KL: I'm re-reading Grace Paley's Enormous Changes at the Last Minute and slowly making my way through Jane Smiley's brilliant 13 Ways of Looking at the Novel. Honestly, you could skip your B.A. in English and your MFA and just read Smiley's book instead. It's really stunning and insightful.
RUSSELL PODGORSEK ON COMPOSING FOR FICTION
What are some of your priorities when composing for a short story? Are there particular qualities you're looking to emphasize over others?
Russell Podgorsek: The first thing to consider for me is trying to capture the tone of the story. After that I turn my attention to making the musical work successful in its own right. Sometimes I can draw certain elements from the story and represent them in the music, but other times it's best to let the music unfold in its own way (once the tone is established).
What is your composition process like, and does it change when attached to a narrative, as opposed to composing in a blank space?
RP: The blank space is hard for everyone, in every discipline, I think. Having a well-crafted, evocative story to draw inspiration from makes the first stages relatively easy. For example, the first of Kelly's stories that I wrote music for, “Outside,” mentioned a "Bohemian lullaby" remembered by the character both in utero and later in the outside world, and so my path was set out for me: write a short tune that a mother could sing to a child and use some special effects to make the music sound muffled at one point and clear later on.
What do you see as the main connections between music and writing?
RP: Both literature and music are narrative forms that reveal themselves over time. Of course, music is a far less articulate language than any written or spoken one, so the "storytelling" in music has to be rudimentary. A beginning needs to sound like a beginning, transitional passages need to feel unstable, and so on.
KELLY LUCE is the author of the story collection Three Scenarios in Which Hana Sasaki Grows a Tail and a novel, Pull Me Under. Her work has appeared in New York Magazine, the Chicago Tribune, The Oprah Magazine, and other publications. She is a Contributing Editor for Electric Literature and a 2016-17 fellow at Harvard’s Radcliffe Institute for Advanced Study.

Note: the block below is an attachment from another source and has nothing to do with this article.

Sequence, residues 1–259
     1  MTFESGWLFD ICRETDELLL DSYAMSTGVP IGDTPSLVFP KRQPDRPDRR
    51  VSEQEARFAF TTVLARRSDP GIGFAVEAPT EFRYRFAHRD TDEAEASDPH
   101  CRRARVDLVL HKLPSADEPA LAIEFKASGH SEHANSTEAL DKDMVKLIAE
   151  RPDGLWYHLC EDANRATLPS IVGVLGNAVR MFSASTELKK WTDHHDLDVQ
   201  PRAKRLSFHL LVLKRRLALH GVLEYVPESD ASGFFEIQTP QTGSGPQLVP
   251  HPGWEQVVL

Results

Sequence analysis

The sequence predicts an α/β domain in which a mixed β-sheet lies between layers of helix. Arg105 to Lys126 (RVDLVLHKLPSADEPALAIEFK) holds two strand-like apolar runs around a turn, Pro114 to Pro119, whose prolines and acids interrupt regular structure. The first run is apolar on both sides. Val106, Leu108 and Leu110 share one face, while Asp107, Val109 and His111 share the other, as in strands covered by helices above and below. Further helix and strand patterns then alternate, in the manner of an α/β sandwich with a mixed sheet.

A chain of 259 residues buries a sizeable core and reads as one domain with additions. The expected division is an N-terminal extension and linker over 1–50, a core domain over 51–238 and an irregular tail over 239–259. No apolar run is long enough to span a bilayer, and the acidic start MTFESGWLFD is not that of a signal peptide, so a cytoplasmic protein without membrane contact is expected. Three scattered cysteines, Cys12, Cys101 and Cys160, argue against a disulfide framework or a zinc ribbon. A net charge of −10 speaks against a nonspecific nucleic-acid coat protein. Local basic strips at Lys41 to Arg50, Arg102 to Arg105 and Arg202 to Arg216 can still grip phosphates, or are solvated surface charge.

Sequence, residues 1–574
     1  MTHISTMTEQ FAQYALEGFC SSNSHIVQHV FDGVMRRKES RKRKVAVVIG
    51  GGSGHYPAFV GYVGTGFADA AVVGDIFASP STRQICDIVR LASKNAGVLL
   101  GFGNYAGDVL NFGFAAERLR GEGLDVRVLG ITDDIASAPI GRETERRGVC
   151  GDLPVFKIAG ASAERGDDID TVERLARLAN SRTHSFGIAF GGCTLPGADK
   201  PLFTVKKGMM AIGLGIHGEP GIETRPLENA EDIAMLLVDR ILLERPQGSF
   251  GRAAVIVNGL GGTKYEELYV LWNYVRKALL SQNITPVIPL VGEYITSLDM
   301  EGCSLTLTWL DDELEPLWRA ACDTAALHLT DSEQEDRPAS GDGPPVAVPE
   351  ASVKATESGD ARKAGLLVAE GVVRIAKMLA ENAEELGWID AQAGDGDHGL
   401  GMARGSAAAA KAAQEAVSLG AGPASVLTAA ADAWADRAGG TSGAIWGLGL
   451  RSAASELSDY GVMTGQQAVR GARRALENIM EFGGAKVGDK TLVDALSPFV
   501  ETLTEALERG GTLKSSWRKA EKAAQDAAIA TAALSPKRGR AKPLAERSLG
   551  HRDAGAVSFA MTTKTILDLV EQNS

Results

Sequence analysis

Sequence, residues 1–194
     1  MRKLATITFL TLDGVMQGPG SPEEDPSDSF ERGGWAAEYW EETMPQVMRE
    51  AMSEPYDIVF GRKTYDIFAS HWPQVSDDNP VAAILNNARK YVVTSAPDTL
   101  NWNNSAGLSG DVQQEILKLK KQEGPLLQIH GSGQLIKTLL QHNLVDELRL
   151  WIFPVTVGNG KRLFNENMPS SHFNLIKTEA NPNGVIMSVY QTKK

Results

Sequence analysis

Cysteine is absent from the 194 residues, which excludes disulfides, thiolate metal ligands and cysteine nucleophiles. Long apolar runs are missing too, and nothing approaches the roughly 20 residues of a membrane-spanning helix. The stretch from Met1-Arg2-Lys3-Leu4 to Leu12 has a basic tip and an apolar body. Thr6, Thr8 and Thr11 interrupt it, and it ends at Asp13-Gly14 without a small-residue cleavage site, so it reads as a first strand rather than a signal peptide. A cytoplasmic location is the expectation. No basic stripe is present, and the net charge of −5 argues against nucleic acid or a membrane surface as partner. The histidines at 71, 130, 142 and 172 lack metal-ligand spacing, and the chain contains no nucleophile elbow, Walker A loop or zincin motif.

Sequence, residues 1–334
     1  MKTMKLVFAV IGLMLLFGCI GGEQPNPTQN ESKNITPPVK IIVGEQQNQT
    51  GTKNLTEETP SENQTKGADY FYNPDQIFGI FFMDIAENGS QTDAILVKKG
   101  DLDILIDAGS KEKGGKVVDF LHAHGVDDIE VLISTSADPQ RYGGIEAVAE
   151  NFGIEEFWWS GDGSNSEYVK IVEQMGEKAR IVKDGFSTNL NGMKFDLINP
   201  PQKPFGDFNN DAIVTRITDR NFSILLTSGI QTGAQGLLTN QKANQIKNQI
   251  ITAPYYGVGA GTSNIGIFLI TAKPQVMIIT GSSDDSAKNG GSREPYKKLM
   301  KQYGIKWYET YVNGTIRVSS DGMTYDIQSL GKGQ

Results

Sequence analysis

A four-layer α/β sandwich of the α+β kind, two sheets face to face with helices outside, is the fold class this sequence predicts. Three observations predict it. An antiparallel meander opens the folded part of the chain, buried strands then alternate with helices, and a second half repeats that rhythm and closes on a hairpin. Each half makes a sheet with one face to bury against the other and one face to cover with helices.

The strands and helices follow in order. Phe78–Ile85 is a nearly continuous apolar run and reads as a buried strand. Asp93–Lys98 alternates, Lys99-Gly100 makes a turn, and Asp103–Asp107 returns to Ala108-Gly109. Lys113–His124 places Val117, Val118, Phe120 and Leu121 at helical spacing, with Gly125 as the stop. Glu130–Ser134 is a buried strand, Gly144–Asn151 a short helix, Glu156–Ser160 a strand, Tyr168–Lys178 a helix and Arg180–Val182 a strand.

RUSSELL PODGORSEK is a composer, violist, and electric guitarist. His recent awards and commissions include a NewMusicUSA Project Grant for a collaboration with NANOFiction and the Cordova Quartet, Six Memos for the Next Millennium for the Bel Cuore Saxophone Quartet, Songs for the Sane 3.0 and Reversal of Fortune for the Life/Art Dance Ensemble (CO), MicroSymphony for the Salisbury Symphony Orchestra (MD), and Lament and Lullaby for the Sudbury Youth Orchestra (Ontario, Canada). His work Annachronism for solo violin was featured on the 2014 i care if you listen Summer Mixtape. He was also featured as composer-in-residence at the Simsbury Chamber Music Festival (CT) in 2008. He currently serves as Lecturer and Building Coordinator at the University of Texas where he earned his DMA studying with Donald Grantham, Dan Welcher, and Russell Pinkston. He is a graduate of both the Hartt School of Music (CT) and the University of Dayton (OH).
SACHA IDELL is fiction editor of The Arkansas International. His stories appear in the Chicago Tribune, Electric Literature, Ploughshares, and elsewhere, while his published translations include work by the Japanese novelist Kyūsaku Yumeno. He lives in Fayetteville, Arkansas.